Karen Shaw was born in the Bronx (1942), a borough of New York City. She is a visual artist who assigns numerical equivalents of one to twenty-six to the letters of the English alphabet according to their position in the alphabet. Shaw's neo-Dadaist method of «Summations» and «Summantics» is inspired in part by gematria -the homiletical rule which associates words or phrases with other words or phrases whose letters add up to the same numerical value. She uses an intriguing combination of numbers, photographs, words and messages. Shaw works with the translation of numbers found on the T-shirts of athletes, cash register receipts, super market advertising, lottery tickets, games of chance and a multitude of other mysterious calculations. She works as a curator at the Islip Art Museum in East Islip, New York, a suburb of New York City. She has exhibited in many art spaces in America and Europe such as Galerie d'Art Contemporain (Basel), Bertha Urdang Gallery (New York), Grita Insam Galerie (Vienna), Dany Keller Galerie (Munich), the Matrix Gallery of the Wadsworth Atheneum (Hartford, Connecticut) and ICC (Antwerpen). Her work is in several permanent collections such as the Museum of Modern Art in New York and the Israel Museum in Jerusalem. She has also had her work published in several books and periodicals. Shaw lives and works in New York.
Extract of a correspondence between Karen Shaw and Jean Sellem from winter 1998 to summer 1999.
JS: In the 70's you coined the words «Summations» and «Summantics» for your method of art making. What do these two terms mean?
KS: Summations were started in 1972 or 1973. The idea came after a job I had affixing two digit codes to a survey studying of the effects of TV violence on children that NBC, a large TV network, was conducting about itself. This was a time before PC's and Macs were on the horizon. Computers were large roomsized machines that still used punch cards. It was also the time when minimalist art was ascendant.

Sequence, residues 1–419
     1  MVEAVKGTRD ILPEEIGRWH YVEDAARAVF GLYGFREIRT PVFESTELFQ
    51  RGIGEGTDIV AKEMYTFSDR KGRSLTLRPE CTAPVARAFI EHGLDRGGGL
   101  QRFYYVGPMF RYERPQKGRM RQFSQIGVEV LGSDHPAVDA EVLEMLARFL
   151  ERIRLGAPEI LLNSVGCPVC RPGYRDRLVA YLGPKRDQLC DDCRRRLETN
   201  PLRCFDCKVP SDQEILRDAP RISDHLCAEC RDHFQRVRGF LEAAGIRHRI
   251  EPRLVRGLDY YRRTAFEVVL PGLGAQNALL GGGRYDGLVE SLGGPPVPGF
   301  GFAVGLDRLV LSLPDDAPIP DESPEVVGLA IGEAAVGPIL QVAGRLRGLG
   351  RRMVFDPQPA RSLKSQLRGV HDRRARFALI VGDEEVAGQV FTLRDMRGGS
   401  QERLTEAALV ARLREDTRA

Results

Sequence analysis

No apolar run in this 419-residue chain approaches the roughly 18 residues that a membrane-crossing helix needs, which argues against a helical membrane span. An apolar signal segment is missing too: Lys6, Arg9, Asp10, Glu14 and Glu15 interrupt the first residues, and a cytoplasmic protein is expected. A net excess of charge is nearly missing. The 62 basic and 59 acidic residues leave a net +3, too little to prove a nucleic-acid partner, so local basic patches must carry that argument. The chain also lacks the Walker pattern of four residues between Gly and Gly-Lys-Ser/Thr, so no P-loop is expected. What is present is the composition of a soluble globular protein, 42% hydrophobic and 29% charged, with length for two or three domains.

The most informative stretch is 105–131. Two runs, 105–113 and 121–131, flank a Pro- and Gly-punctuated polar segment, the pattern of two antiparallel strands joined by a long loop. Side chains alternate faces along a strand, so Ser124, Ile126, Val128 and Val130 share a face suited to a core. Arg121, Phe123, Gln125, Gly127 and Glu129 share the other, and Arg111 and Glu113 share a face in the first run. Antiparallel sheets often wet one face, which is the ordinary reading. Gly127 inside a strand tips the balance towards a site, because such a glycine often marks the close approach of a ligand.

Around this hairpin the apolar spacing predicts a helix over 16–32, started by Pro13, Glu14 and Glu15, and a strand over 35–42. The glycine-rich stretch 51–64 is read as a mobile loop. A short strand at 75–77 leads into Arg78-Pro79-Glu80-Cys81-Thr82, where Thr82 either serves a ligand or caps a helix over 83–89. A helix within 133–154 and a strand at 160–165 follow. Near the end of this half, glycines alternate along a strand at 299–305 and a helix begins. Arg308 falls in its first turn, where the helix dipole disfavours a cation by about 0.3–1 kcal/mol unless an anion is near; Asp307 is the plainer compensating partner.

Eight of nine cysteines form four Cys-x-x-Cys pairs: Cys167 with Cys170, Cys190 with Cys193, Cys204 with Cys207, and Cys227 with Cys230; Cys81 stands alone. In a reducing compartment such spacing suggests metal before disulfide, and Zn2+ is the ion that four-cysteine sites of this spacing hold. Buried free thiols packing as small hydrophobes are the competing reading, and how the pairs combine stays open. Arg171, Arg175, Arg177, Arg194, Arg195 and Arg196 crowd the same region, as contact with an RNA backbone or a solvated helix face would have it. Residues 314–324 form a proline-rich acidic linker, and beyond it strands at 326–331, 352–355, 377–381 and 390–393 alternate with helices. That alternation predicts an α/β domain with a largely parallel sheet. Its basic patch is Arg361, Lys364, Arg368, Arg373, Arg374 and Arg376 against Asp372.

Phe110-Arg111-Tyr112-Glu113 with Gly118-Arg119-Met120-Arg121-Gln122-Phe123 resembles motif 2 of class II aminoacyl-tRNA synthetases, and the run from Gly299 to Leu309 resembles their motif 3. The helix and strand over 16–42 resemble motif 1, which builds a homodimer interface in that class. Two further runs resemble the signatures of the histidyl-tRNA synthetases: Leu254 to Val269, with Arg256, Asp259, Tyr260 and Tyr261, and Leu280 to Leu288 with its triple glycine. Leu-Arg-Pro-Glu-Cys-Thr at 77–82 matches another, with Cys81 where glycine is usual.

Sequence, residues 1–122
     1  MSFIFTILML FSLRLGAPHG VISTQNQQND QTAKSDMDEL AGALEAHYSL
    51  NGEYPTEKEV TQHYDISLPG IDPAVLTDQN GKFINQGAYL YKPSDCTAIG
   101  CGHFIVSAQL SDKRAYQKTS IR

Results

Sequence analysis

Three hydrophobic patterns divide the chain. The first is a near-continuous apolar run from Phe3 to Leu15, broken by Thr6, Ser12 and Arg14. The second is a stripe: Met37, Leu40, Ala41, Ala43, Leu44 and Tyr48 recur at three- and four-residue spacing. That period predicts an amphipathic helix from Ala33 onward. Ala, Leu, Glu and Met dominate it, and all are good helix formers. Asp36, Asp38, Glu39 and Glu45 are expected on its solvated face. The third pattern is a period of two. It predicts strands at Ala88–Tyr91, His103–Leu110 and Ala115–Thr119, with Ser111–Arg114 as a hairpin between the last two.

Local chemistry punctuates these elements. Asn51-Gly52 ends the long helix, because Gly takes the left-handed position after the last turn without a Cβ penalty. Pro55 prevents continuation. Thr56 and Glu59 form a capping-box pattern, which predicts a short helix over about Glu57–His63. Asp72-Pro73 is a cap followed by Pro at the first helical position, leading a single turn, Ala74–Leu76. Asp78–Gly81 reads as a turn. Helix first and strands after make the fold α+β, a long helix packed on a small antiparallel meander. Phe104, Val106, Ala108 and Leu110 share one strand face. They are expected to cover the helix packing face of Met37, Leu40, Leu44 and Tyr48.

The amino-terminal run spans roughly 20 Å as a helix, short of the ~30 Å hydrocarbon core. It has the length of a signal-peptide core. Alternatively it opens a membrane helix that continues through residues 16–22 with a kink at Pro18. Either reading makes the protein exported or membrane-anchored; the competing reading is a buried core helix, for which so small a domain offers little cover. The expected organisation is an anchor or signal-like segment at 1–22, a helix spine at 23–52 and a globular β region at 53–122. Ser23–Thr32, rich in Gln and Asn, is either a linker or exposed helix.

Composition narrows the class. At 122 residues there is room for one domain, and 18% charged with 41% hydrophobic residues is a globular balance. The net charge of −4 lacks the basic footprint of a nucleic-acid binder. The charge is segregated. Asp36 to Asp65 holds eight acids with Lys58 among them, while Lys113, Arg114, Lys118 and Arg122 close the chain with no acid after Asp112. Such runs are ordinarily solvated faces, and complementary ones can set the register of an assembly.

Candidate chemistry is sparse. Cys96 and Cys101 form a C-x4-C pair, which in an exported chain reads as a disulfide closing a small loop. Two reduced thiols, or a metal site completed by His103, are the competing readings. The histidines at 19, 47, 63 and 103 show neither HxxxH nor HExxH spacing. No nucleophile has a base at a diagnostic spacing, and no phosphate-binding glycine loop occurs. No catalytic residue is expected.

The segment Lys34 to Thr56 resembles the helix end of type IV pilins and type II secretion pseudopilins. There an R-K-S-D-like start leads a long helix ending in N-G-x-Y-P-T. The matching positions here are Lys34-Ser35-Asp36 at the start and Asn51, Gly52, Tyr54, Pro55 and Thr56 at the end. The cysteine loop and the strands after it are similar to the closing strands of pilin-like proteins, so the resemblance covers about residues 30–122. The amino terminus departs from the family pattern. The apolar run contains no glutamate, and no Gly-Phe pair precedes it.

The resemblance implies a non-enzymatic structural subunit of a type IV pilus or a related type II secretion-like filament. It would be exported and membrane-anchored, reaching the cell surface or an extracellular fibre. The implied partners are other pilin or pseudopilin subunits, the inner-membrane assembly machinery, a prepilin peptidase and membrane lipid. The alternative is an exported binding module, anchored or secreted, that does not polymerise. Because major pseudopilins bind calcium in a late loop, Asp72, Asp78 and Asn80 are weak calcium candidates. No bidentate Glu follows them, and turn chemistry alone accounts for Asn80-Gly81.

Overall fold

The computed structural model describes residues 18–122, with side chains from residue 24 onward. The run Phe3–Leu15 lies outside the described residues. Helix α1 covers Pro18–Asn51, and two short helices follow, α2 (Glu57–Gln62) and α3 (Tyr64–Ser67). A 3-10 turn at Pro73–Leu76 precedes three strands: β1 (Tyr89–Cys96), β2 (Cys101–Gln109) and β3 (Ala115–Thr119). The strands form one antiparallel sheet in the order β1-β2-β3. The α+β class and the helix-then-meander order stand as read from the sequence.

The idea of Summations was to reduce western masterpieces of literature, poetry and prose to a number and that number would signify the «essence» of the work. Of course it destroyed the work too. I did many summations: William Blake, Keats, Shelly, Mallarmč, Rilke and finally the Gospel According to St.Matthew, the King James version. It was from this massive work that Summantics was born.
The Gospel took months to do. I wrote the number equivalent of the letter under every letter of the Gospel in the Bible itself. Then I added the number/letter of each word to acheive the sum of the word, verse and chapter. I then entered the sums into a ledger book. This became the second version of the Gospel. Next I added up the whole thing onto miniature adding machine tapes, one tape for each chapter, which I measured to tell how long each chapter was. I then attached the labeled tapes to a rod at the edge of the bookstand that was made to hold the piece. This was the third version of the Gospel. Working with so many words I got to see that, obviously, many words equaled the same number. Since my name equaled 100, I began to collect the words that also equaled 100. After a time I realized I should collect all the words in my vocabulary and list them according to their number in a book. Thus I created a numerical dictionary which I called the Summantic Vocabulary Collection. Summantics being a play on the words semantics, semiotics and summation. Once I had this «dictionary» I was able to reverse the process and create language out of the numerical debris all around me: cash register receipts, sports figures, tickets etc.
JS: The method of «summations» and «summantics» is based on the principle that letters and words have a numerical equivalent. Where did you get the inspiration to work with such a technique?
KS: Aside from an interest in coding as a kid, I later worked as a coder for that study I spoke of. I saw how numbers got affixed to language to compile statistics. Also, computer language, the system to get computers to operate, is nothing more than a code of 1's and 0's. Affixing a number to the alphabet according to its place in the alphabet seemed basic and natural. I was told that in science this code is called a «Hash code». Since the word Summation implies simple math like addition it seemed the natural way for me to go.